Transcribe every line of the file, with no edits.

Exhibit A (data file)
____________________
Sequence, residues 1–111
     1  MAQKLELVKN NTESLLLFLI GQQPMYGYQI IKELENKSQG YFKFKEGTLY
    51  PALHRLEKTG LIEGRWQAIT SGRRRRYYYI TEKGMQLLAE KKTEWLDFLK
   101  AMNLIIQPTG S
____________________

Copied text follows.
Sequence, residues 1–111
     1  MAQKLELVKN NTESLLLFLI GQQPMYGYQI IKELENKSQG YFKFKEGTLY
    51  PALHRLEKTG LIEGRWQAIT SGRRRRYYYI TEKGMQLLAE KKTEWLDFLK
   101  AMNLIIQPTG S